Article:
The cost of waiting could also include the lost chance to take advantage of incentives or special funding opportunities. Programs like the ComEd’s Ways to Save, different Property Assessed Clean Energy (PACE) options, tax benefits or other incentives are not all infinite. By not acting soon enough, you may lose out on your chance to achieve a certain financing prospect.
For example, under utilization of utility incentives in the New York region (and many others) due to COVID-19 means that more funds are available right now for energy projects. However, next year and the year after, these funds will more than likely be used up faster as NYC moves closer to the 2024 deadline for Local Law 97. Similarly, funds that may be more readily available this year for other states across the country, due to COVID-19, may not be as available in the future.
Last, your cost of waiting could also include fines. As legislation like Local Law 97 passes and other cities set carbon emissions caps, commercial buildings are facing deadlines for completing their own energy efficiency projects. Waiting too long can result in hefty fines, another cost of waiting. We’re seeing these legislative trends in several major cities, as they attempt to lower their carbon footprints. So, wherever you are, you may find yourself facing emission fines in the future.
When it comes to these additional costs of waiting, it’s hard to predict exactly when and how they’ll affect you. Legislation will give you some time to update your practices to meet sustainability goals, but these laws may come at inopportune times for your company. Incentives can and do change every year, so their availability is hard to anticipate. Don’t wait for a better time to make the investment into an energy project and find yourself with fewer opportunities for making that investment more affordable.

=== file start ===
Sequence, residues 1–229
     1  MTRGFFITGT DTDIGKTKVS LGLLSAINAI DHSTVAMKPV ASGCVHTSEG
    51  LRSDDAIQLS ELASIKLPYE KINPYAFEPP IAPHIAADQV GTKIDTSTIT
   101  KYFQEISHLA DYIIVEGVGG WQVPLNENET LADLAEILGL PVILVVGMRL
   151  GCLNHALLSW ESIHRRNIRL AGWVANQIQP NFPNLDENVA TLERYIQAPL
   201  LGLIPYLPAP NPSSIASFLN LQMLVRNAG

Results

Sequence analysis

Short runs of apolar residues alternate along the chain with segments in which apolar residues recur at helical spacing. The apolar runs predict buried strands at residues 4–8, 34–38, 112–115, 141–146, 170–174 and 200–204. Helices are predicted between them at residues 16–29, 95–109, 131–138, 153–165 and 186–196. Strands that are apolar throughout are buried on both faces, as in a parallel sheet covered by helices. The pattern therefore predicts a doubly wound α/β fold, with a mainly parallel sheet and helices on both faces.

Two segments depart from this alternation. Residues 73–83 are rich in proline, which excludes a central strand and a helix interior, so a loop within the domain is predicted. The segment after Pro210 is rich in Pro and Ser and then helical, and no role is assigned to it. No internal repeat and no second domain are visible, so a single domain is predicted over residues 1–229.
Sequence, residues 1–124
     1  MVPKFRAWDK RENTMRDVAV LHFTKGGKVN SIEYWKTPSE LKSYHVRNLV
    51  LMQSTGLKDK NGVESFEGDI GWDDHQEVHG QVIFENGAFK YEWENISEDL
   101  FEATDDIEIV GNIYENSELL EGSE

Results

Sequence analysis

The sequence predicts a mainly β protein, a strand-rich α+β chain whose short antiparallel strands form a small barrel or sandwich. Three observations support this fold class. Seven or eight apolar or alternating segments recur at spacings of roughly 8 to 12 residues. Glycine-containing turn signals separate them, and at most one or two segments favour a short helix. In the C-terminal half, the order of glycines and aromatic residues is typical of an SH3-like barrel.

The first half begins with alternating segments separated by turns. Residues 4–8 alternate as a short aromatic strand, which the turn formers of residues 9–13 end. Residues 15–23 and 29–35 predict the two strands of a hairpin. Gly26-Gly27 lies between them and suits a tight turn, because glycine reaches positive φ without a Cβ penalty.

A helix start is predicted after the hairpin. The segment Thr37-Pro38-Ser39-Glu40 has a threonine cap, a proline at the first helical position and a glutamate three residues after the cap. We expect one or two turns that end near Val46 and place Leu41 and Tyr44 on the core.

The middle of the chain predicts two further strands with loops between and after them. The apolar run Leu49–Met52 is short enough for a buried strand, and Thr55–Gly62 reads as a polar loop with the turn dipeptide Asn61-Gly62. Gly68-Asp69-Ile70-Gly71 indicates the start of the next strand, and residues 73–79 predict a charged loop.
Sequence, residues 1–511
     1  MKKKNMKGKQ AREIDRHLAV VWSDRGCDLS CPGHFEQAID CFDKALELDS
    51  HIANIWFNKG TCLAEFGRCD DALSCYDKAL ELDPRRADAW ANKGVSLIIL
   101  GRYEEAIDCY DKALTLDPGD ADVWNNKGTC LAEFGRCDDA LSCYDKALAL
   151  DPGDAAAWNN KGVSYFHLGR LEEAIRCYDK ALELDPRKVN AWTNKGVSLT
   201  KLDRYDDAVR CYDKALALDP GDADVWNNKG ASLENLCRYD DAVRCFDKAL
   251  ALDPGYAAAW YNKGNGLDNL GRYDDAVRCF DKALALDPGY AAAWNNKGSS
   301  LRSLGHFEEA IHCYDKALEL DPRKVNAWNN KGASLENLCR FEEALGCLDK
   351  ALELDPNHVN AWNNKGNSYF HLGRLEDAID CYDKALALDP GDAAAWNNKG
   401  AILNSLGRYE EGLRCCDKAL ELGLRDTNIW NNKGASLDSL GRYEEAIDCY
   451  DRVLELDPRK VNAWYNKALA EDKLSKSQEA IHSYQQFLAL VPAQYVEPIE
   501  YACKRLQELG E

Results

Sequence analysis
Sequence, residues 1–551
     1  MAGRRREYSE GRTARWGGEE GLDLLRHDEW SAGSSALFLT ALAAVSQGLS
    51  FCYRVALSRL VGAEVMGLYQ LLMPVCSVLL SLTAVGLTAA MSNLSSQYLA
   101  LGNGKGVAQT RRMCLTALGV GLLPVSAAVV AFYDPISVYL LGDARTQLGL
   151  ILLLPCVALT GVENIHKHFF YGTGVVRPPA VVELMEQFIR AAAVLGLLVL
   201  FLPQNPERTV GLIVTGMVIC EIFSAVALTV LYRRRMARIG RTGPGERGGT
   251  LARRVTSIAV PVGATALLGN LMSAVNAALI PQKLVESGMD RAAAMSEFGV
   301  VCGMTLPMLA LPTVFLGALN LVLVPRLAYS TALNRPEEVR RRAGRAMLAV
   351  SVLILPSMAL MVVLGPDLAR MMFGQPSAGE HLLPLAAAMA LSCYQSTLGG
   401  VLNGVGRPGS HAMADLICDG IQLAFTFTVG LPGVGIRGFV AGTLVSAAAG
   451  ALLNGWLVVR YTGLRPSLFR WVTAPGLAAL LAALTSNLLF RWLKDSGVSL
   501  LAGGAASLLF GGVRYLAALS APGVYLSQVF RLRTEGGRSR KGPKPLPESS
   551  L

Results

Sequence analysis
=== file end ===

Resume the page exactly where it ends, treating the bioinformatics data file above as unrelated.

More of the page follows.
Determining your cost of waiting is a good starting place to discover what can be done today to help both your environmental impact AND your bottom line in the future.
Determining your own cost of waiting
The cost of waiting is, in essence, opportunity cost. Energy efficiency projects have a clear price tag – we can determine how much you’ll be paying upfront, with all the available incentives and programs that can lower that bill. But the cost of waiting shows what money you’ll be missing out on if you don’t act today. These savings can be huge year over year, but even monthly or daily, you can reap large savings in your overhead by increasing your energy efficiency.
Ultimately, if your energy systems are outdated or inefficient, they’ll have to be updated eventually anyway. Why wait?
Especially when updating sooner can save you significant amounts of money on each utility bill, waiting is only pushing back the inevitable while losing out on potential savings. By upgrading to a more efficient energy system now, a company can reap the benefits of decreased energy output sooner.
Our final question is: what will you do with that money?